This finding narrows down the options for what this mysterious substance might be.

"Dark matter is an enigma we have long sought to unravel. With the combined capabilities of these great observatories, we are ever closer to understanding this cosmic phenomenon," said John Grunsfeld, assistant administrator of the NASA's science mission directorate in Washington, DC.Dark matter is an invisible matter that makes up most of the mass of the universe.

To learn more about dark matter and test such theories, researchers study it in a way similar to experiments on visible matter -- by watching what happens when it bumps into other objects. In this case, the colliding objects under observation are galaxy clusters.

Galaxy clusters are made of three main ingredients: galaxies, gas clouds, and dark matter. During collisions, the gas clouds surrounding galaxies crash into each other and slow down or stop.

The galaxies are much less affected by the drag from the gas and, because of the huge gaps between the stars within them, do not slow each other down.

"We know how gas and stars react to these cosmic crashes and where they emerge from the wreckage. Comparing how dark matter behaves can help us to narrow down what it actually is," explained the study's lead author David Harvey of the Ecole Polytechnique Federale de Lausanne (EPFL) in Switzerland.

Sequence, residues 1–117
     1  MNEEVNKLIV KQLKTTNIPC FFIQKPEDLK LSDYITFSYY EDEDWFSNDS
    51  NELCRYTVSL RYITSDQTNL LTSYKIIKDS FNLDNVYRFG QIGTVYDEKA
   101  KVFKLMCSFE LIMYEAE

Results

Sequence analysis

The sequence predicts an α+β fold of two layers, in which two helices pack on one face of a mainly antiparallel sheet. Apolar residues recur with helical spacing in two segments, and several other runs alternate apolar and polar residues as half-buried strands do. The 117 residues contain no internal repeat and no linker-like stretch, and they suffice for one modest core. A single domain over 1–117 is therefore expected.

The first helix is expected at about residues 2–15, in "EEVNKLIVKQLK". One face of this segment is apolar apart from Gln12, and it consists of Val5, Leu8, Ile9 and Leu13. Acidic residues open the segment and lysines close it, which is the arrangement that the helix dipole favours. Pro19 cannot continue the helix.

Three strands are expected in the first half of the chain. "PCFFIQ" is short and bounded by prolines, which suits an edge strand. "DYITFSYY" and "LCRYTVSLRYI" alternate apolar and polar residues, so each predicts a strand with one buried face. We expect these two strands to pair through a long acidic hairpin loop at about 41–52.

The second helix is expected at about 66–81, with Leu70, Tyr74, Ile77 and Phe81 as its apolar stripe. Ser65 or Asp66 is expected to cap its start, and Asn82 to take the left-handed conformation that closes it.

For the study, Harvey and his team studied 72 large cluster collisions.The collisions happened at different times and were viewed from different angles -- some from the side, and others head-on. The team found that, like the galaxies, the dark matter continued straight through the violent collisions without slowing down much.

This means dark matter does not interact with visible particles and flies by other dark matter with much less interaction than previously thought. Had the dark matter dragged against other dark matter, the distribution of galaxies would have shifted.

With this discovery, the team has successfully narrowed down the properties of dark matter.Dark matter may have rich and complex properties, and there are still several other types of interactions to study.

These latest results rule out interactions that create a strong frictional force, causing dark matter to slow down during collisions. The team also is looking to study collisions involving individual galaxies, which are much more common.


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